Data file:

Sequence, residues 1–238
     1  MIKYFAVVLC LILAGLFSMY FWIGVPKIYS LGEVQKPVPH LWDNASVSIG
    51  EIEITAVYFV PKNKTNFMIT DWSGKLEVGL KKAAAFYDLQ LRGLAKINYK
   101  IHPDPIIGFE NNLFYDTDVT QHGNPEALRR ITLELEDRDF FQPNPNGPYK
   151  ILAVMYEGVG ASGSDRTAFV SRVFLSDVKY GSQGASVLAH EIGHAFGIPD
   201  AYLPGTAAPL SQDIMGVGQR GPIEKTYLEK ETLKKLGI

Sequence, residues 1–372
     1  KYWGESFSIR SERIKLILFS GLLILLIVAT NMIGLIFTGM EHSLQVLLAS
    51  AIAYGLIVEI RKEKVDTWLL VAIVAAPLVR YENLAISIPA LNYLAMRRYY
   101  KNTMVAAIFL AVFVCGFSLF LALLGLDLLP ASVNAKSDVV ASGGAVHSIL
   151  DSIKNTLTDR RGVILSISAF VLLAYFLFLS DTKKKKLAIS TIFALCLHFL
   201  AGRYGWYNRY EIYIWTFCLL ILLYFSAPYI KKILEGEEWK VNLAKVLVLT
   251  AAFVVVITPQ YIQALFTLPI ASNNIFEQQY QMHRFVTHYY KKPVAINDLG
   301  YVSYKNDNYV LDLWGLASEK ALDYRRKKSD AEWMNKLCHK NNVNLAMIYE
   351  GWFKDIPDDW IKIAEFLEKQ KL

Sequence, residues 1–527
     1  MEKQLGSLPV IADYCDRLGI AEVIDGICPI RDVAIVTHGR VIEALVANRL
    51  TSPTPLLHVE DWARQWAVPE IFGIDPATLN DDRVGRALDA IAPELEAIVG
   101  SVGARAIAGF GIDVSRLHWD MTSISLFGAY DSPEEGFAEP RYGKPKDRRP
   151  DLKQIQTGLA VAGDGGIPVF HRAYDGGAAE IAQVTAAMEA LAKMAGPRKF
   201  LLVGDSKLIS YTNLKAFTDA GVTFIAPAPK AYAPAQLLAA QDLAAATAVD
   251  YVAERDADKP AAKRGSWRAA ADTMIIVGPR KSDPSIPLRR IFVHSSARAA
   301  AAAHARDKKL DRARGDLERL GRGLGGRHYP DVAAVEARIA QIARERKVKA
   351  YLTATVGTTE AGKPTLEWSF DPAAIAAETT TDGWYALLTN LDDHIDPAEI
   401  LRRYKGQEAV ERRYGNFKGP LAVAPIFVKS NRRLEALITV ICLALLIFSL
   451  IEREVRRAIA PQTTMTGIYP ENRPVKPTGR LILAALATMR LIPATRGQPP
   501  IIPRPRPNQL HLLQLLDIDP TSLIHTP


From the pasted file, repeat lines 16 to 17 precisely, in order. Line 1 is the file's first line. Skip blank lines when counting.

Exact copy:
Sequence, residues 1–527
     1  MEKQLGSLPV IADYCDRLGI AEVIDGICPI RDVAIVTHGR VIEALVANRL